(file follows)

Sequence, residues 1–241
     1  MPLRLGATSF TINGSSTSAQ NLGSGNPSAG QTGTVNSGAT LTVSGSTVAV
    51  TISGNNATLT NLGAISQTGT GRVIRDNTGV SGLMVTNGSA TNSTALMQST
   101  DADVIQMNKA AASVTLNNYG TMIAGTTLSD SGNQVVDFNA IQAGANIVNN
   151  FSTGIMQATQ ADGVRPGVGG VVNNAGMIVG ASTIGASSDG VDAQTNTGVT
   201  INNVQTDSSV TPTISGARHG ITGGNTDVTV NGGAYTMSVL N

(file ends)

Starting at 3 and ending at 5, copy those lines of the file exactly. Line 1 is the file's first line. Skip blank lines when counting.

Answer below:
    51  TISGNNATLT NLGAISQTGT GRVIRDNTGV SGLMVTNGSA TNSTALMQST
   101  DADVIQMNKA AASVTLNNYG TMIAGTTLSD SGNQVVDFNA IQAGANIVNN
   151  FSTGIMQATQ ADGVRPGVGG VVNNAGMIVG ASTIGASSDG VDAQTNTGVT